Football: Highbury's growing pains

Arsenal's London palace is too small for a club aiming to join the kings of Europe.
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The Independent Online
ARSENAL may or may not set up home beneath Wembley's Twin Towers, but one thing is plain. They have outgrown Highbury. This is a club which measures itself not against Chelsea or even Spurs. The yardstick is Manchester United, or the foreign aristocrats like Milan, Bayern or Real Madrid - and for a club that sees itself as a founder member of any European Super League the comparison is shaming.

San Siro in Milan holds 75,000, Old Trafford 56,000, and Highbury just 38,000. United's turnover of pounds 88m for the 1996-97 season eclipsed Arsenal's pounds 27.2m; its gate receipts, at pounds 30m, were three times as great. Very quickly, this translates into the power to pay the wages needed to maintain a top- class squad. Ultimately Arsenal will simply be unable to compete.

Basically there are four options: do nothing (and invite second-class status); adopt a minimalist "fill-in-the-corners" solution at Highbury, that would lift capacity to 45,000 but leave the ground's "footprint" intact; rip down the existing South and West Stands and remake Highbury a state-of-the-art stadium holding 50,000 or more; or move elsewhere.

Among possible destinations, the two front-runners are a "brown field" site on derelict land near King's Cross Station, costing perhaps pounds 75m, or Wembley, for which Arsenal is reputedly bidding up to pounds 100m.

But why, it may be asked, all the fuss about crowds of 55,000 when in the pre-Taylor days, crowds of 60,000 plus for big games were commonplace? One answer is that, in fact, average attendances used to be lower than is fondly remembered. The expectation now is that a 55,000-capacity ground would be sold out for every game, be it against Liverpool, Manchester United or Barnsley. By contrast, Arsenal attracted only 41,000-per game in 1971-72, despite having won the Double the year before.

And then there is gentrification. Not only the gentrification of football, as terraces once reeking of beer and urine have been turned into family- friendly seated enclosures and the Premiership has been transformed into one of the most glamorous leagues in the world. But also, more problematically, the gentrification of the neighbourhoods around Highbury too. Blairland N1 is but a mile away; a nice terraced house in N5 can fetch pounds 350,000- plus - fully three months wages for Dennis Bergkamp. Had Highbury remained the working-class preserve of yesteryear, expansion would have gone through on the nod. But these are residents who demand a quality of life to match their mortgage.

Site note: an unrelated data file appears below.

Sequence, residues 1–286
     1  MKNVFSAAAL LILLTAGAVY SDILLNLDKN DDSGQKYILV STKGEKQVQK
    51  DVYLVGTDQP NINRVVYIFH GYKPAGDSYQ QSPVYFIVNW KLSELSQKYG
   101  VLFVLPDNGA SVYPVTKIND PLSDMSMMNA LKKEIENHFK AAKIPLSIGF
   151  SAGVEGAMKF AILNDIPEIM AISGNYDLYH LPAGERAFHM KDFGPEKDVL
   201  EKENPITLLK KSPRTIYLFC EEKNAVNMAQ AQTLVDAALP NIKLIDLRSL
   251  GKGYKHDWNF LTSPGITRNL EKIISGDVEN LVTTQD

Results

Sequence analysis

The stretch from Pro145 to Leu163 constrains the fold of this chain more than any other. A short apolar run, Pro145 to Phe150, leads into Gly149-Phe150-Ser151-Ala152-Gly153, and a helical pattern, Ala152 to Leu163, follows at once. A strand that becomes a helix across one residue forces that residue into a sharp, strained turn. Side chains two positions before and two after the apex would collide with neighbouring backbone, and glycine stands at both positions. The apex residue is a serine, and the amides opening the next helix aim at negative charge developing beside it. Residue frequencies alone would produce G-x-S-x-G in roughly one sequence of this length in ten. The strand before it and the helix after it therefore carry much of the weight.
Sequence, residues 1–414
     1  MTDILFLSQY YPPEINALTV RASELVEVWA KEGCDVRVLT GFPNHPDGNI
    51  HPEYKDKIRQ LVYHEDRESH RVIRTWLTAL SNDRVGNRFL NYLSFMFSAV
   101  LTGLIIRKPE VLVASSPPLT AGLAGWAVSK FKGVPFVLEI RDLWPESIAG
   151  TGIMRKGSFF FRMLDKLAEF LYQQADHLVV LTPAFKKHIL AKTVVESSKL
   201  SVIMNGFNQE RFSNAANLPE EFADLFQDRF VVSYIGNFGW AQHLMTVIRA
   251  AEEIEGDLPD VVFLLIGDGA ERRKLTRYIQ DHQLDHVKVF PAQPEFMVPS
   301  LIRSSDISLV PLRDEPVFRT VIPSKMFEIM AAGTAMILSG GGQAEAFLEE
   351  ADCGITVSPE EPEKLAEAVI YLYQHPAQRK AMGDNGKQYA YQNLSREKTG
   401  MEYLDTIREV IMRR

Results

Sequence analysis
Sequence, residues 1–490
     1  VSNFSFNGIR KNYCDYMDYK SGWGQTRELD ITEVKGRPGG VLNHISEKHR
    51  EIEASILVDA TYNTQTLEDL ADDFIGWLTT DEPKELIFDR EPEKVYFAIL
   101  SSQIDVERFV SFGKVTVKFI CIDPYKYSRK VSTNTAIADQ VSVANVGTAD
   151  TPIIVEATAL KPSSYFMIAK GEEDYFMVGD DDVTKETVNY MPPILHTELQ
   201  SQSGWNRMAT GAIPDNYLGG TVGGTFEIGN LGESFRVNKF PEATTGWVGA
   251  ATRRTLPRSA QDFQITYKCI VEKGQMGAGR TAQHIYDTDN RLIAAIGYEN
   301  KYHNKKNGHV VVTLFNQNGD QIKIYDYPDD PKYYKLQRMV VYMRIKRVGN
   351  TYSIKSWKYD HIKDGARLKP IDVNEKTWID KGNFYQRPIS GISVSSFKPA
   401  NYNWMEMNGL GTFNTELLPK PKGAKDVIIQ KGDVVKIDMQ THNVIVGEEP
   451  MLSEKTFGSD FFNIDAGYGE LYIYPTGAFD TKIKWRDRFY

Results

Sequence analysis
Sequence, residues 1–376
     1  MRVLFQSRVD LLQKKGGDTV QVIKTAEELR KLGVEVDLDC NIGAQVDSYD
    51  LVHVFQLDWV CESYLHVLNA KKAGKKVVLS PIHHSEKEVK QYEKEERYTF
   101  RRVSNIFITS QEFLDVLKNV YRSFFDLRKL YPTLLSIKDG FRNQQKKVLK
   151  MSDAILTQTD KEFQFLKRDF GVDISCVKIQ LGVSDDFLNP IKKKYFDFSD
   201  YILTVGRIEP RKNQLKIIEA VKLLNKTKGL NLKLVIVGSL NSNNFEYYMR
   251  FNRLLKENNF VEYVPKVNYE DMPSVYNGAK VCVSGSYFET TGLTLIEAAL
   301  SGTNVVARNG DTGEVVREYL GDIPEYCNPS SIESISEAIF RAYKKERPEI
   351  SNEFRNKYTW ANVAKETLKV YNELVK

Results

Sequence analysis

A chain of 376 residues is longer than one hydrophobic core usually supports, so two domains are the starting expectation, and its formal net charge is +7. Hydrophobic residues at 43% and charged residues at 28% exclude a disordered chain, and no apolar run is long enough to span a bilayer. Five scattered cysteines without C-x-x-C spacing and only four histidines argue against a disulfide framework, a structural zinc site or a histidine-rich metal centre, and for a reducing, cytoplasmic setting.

They are, for instance, unamused at having their streets taken over by the cars that have replaced the bus and underground as the modern supporter's preferred mode of transport, and render their streets unusable twice at weekends and a couple of evenings a month. "It's a bit like a siege," says Alison Carmichael of the Highbury Community Association (HCA) which is leading the residents' revolt. "You get big cars with chauffeurs, who keep the engines running for two hours while their boss is inside the ground."

And, the HCA wonders, would 50,000 or 55,000 be the end of it ? Ken Friar, Arsenal's managing director, has let slip a guess that the club's potential regular attendance could be as high as 65,000.

It is only 10 years since the old Clock End was redeveloped, and just five since the gorgeous pounds 20m stand which replaced the North Bank opened for business. And now, talk of another makeover. Who's to say that a few years down the line, especially if a European Super League takes off, Arsenal don't come back asking for another 10,000 seats?

But even filling in the corners, or rebuilding the West and South sides of the ground is only part of the story. The pitch itself, at 110 yards by 73 yards, is one of the smallest in the Premiership, ineligible for international games. Arsene Wenger, the Arsenal manager, has lamented a playing area "made for old English football... Teams come to Highbury and defend deep and wait for mistakes... Long ball, good header, deflection, goal."

That is not the style Wenger likes to play, though some would say it brought George Graham a pile of silverware. In any major rebuilding, the pitch would be both widened and lengthened. Some 30 houses immediately behind the West Stand would be demolished - several of them communities of elderly tenants living alone, terrified at the prospect of moving.

It is by no means certain that the bid for Wembley will succeed, but if it does it poses the question as to what would become of Highbury. The council is keen that it remains a leisure facility, so a lucrative housing redevelopment would appear to be ruled out - though even if that were allowed one estimate is that the land is worth only around pounds 10m. One intriguing alternative has been mooted recently: that Arsenal sell the stadium to Wimbedon, currently billeted at Crystal Palace's Selhurst Park.

That would surely risk alienating Arsenal's local support and, all other things being equal, the club would like to stay at Highbury, its home since 1913. But a long wrangle looms with Islington council and local residents, even assuming permission finally is granted for an expansion that would satisfy the club. The neatest solution would be King's Cross, relatively close and with excellent transport links. But again, traffic problems could thwart it. The siege of the chauffeurs is set to continue.

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